Featured Research

from universities, journals, and other organizations

Ironing Out New Details Of Tuberculosis Infection

Date:
February 7, 2006
Source:
Howard Hughes Medical Institute
Summary:
Scientists in India, led by a Howard Hughes Medical Institute international research scholar, have identified five key genes that enable the bacterium that causes TB to acquire the iron it needs to sustain growth and promote infection.

Thin section transmission electron micrograph of Mycobacterium tuberculosis.
Credit: Image courtesy of Wadsworth Center, New York State Department of Health

Scientists in India, led by a Howard Hughes Medical Institute (HHMI) international research scholar, have identified five key genes that enable Mycobacterium tuberculosis to acquire the iron it needs to sustain growth and promote infection.

Related Articles


“Targeting genes within this cluster represents a good strategy for preventing tuberculosis and other mycobacterial infections,” said Rajesh S. Gokhale, an HHMI international research scholar at the National Institute of Immunology in New Delhi, India, and lead investigator on the study. “Because some of these genes are conserved across a number of related bacterial families, they are promising targets for drugs to treat TB and other bacterial diseases.”

The tuberculosis bacterium, which infects more than one third of the world's inhabitants, is a leading cause of death and disease worldwide.

Gokhale and colleagues report their findings in early online publication January 30, 2006, in the Proceedings of the National Academy of Sciences.

When M. tuberculosis infects humans, it takes up residence in immune cells called macrophages. To survive in this harsh environment, mycobacteria, like many other types of bacteria, need iron to carry out life-sustaining functions, such as creating proteins and synthesizing nucleotides to form DNA. However, free iron is not easily found in an intracellular environment. To obtain this rare element, most bacteria manufacture and secrete chemical compounds called siderophores that scavenge iron from the environment.

Researchers discovered siderophores—chemical compounds used by bacteria to scavenge iron from their cellular environment—well over 50 years ago, but the genes involved in adding the long-chain lipid anchor that enables M. tuberculosis to do so more efficiently, remained a mystery until now.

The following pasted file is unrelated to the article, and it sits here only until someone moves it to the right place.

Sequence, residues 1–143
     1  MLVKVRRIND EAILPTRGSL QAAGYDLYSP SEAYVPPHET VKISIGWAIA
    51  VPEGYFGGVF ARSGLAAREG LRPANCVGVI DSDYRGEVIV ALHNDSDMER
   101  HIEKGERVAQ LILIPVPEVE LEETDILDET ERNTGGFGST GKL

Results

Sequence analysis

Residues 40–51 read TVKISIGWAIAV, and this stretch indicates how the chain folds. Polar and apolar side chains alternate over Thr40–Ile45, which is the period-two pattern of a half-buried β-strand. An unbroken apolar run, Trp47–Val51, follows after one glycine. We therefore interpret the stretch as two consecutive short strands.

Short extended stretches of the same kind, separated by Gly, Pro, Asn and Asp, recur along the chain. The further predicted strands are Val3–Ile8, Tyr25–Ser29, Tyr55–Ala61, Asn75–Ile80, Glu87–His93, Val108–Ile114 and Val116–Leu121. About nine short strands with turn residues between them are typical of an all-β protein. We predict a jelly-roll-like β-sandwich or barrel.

Mycobacteria have evolved siderophores with lipid-chain tails that enable them to exploit the macrophage's lipid-trafficking system to capture iron more efficiently. Instead of using siderophores that diffuse freely, mycobacteria anchor their siderophores to lipid membranes by means of a long fatty acid tail. After these siderophores bind to iron within the macrophage, the lipid tail makes the iron “sticky” enough to permit delivery to the very compartment in macrophages where the mycobacteria are lurking.

Using microarray data, the available literature, and intuition, Gokhale's group identified the location of the four genes that produce the lipid tail after observing that the expression of the genes significantly increased in response to low iron concentrations. The gene required for the synthesis of the siderophore core, called mbt-1, functions the same way, so Gokhale's team named the new locus mbt-2 and the new genes mbtK, mbtL, mbtM, and mbtN.

“Now that the major siderophore genes and their functions have been defined, understanding the biosynthetic pathway provides an opportunity to develop small-molecule inhibitors with the potential for developing anti-tuberculosis drugs,” said Gokhale. His team has already determined that some of genes from the mbt-2 cluster is conserved across several other bacterial species that cause various pulmonary, skin, and organ diseases. Since the mbt-1 genes are also conserved across many bacterial families, the mbt genes appear to be ideal antibacterial targets for treating tuberculosis and other bacterial infections, he said.